21.7 inch cutting edge
 

edmorseiii

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Since I donated an other knife to the TSA this afternoon, I'm going to be ordering an other Kershaw/Emerson Amazon special.
 

SERE

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My newest blade is a Filipino machete that I bought a few months ago. Very nice weight and balance, and super sharp.

View attachment 304124
Nice. Where did you find one selling it with the mahogany sheath? I had my mini bolo stolen in the late '80's. I still get miffed over it. I could build a fire knee high, burning thumb sized fuel yadaa yadaa yadaa like you wouldn't believe with the knife. The large ones are better but too big for all day carry on a belt. Sorry for the tangent.

Matt
 

MarkT

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Nice. Where did you find one selling it with the mahogany sheath? I had my mini bolo stolen in the late '80's. I still get miffed over it. I could build a fire knee high, burning thumb sized fuel yadaa yadaa yadaa like you wouldn't believe with the knife. The large ones are better but too big for all day carry on a belt. Sorry for the tangent.

Matt
I purchased it from Traditional Filipino Weapons. Owner is Rob K, solid guy and legit FMA instructor. I`ve purchased many items from him over the years. All blades (I beleive) are made in the Philippines. He has a huge selction representing all of the various regions. And if you practice FMA, his sticks are the best you can find anywhere.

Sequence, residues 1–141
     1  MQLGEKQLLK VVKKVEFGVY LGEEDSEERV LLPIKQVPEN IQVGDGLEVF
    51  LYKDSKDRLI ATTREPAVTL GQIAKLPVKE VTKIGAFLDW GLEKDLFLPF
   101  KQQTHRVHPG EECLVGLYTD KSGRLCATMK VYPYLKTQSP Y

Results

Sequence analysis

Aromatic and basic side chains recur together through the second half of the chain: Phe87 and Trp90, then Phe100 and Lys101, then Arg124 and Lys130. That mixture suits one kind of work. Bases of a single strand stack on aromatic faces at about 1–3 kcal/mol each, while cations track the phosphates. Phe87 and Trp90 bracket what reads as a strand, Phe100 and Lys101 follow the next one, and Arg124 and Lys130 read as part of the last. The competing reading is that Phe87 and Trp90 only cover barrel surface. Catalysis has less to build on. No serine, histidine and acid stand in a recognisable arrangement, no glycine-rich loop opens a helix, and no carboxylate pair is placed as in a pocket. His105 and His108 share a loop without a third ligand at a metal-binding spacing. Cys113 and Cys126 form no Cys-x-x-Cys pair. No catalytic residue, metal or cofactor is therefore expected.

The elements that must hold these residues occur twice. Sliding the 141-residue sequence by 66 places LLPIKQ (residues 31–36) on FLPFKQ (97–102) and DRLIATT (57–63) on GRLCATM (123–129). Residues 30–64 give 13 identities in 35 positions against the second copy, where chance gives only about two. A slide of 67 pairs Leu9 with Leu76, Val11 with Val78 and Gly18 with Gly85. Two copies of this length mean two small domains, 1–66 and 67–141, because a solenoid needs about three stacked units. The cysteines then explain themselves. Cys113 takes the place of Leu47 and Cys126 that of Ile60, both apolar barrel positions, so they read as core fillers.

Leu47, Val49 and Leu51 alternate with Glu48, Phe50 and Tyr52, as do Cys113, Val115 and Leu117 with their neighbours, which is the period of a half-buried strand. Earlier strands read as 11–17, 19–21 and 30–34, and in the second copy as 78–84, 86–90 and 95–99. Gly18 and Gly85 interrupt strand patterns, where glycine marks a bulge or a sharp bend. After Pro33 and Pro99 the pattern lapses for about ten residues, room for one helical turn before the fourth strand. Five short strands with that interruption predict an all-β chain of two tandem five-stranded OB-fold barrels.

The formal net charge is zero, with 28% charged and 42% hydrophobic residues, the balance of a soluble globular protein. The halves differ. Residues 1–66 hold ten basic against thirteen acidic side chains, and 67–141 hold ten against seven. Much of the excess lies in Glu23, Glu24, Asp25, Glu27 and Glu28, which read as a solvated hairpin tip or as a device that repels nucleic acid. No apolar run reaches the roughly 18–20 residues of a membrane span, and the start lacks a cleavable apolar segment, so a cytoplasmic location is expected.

SERE

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I purchased it from Traditional Filipino Weapons. Owner is Rob K, solid guy and legit FMA instructor. I`ve purchased many items from him over the years. All blades (I beleive) are made in the Philippines. He has a huge selction representing all of the various regions. And if you practice FMA, his sticks are the best you can find anywhere.
[cheers] Ah, okay, alrighty. My blades were made on a dirt path from an old leaf spring on the PI outside the Jungle Survival Training. Not the same quality of knives. Very nice collection he has.

Jungle Survival Bolo B (Knife on right)

The ideal bolo for jungle travel. Used by the indigenous Filipino Tribe, Aetas, and designed for the US Military troops for their military survival training at JEST (Jungle Environmental Survival Training) camp in Subic Bay, Philippines. DOES NOT COME STANDARD WITH A SHEATH. A NYLON SHEATH CAN BE ADDED FOR AN ADDITIONAL COST.

Materials